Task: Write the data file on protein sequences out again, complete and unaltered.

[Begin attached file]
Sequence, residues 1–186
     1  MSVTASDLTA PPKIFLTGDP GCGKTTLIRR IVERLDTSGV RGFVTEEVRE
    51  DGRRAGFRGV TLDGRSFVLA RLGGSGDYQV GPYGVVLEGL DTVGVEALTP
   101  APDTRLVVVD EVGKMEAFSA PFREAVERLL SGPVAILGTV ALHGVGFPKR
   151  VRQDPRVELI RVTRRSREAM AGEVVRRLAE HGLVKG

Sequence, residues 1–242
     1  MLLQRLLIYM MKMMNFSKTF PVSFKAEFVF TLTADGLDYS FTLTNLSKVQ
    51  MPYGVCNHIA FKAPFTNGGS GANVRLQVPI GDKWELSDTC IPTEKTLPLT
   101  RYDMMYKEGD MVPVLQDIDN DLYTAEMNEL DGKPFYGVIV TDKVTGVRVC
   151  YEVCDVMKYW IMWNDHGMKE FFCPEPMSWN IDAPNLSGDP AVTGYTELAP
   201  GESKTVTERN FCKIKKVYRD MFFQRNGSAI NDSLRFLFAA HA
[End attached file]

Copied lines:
Sequence, residues 1–186
     1  MSVTASDLTA PPKIFLTGDP GCGKTTLIRR IVERLDTSGV RGFVTEEVRE
    51  DGRRAGFRGV TLDGRSFVLA RLGGSGDYQV GPYGVVLEGL DTVGVEALTP
   101  APDTRLVVVD EVGKMEAFSA PFREAVERLL SGPVAILGTV ALHGVGFPKR
   151  VRQDPRVELI RVTRRSREAM AGEVVRRLAE HGLVKG

Sequence, residues 1–242
     1  MLLQRLLIYM MKMMNFSKTF PVSFKAEFVF TLTADGLDYS FTLTNLSKVQ
    51  MPYGVCNHIA FKAPFTNGGS GANVRLQVPI GDKWELSDTC IPTEKTLPLT
   101  RYDMMYKEGD MVPVLQDIDN DLYTAEMNEL DGKPFYGVIV TDKVTGVRVC
   151  YEVCDVMKYW IMWNDHGMKE FFCPEPMSWN IDAPNLSGDP AVTGYTELAP
   201  GESKTVTERN FCKIKKVYRD MFFQRNGSAI NDSLRFLFAA HA